Neutral grey filters can be used on various occasions. However, they are more popular with landscape photographers because they can produce exceptional landscape images. For the novice, choosing a neutral grey filter can be a fairly complex task because not all filters are created equal. What are the different neutral grey filters available? How can you use them?
The choice of a neutral grey filter is foremost based on its density. This is closely related to the amount of light the filter allows to pass through. The calculation of the percentage of filtered light is relatively simple. One divides 1 by the number of the filter. This means that the ND4 filter, for example, allows only 25% of the ambient light to pass through (¼), while the ND1000 filter (1/1000) allows only 0.1% of the ambient light to reach the sensor. Depending on the density, a distinction is made between :
- The ND2 filter, which allows only 50% of light to pass through.
- The ND4 filter, which allows only 25% light to pass through.
- The ND8 filter, which only lets in 12.5% light.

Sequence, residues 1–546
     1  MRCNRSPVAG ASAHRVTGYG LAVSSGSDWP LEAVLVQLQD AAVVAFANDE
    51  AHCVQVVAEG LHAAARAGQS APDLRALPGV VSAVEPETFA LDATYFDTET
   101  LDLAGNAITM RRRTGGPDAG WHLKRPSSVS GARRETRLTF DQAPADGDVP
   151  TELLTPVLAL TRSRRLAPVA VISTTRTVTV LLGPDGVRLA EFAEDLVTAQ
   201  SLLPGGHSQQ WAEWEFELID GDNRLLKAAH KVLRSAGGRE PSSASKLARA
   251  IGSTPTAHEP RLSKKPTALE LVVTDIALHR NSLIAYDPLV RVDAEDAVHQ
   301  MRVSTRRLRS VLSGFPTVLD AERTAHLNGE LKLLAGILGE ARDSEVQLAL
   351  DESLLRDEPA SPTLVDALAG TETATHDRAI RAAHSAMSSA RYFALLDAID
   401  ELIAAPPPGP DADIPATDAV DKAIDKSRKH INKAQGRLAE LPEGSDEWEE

- The ND400 filter which allows only 0.4% light through.
- The ND1000 filter which passes only 0.1% light.
This knowledge is important for long exposure enthusiasts, as density has an effect on exposure time. With an ND2 filter, the exposure time will only need to be multiplied by 2, while with an ND400 filter, it will need to be increased by 400.
Importance of Diameter
Besides the density, the diameter must also be considered. The diameter of each filter depends on the size of the lens. Regardless of the brand, there are standard sizes common to all brands. However, sometimes you can find a filter perfect in terms of quality and price, but not the right size. There is no reason to give up the purchase. An adapter will easily solve the size problem.